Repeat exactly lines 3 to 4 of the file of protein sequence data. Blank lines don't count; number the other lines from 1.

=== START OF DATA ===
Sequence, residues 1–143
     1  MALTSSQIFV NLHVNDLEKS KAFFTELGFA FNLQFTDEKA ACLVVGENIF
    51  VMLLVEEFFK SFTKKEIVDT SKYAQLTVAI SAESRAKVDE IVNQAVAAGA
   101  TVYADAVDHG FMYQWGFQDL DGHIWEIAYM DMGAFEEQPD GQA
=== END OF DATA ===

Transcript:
    51  VMLLVEEFFK SFTKKEIVDT SKYAQLTVAI SAESRAKVDE IVNQAVAAGA
   101  TVYADAVDHG FMYQWGFQDL DGHIWEIAYM DMGAFEEQPD GQA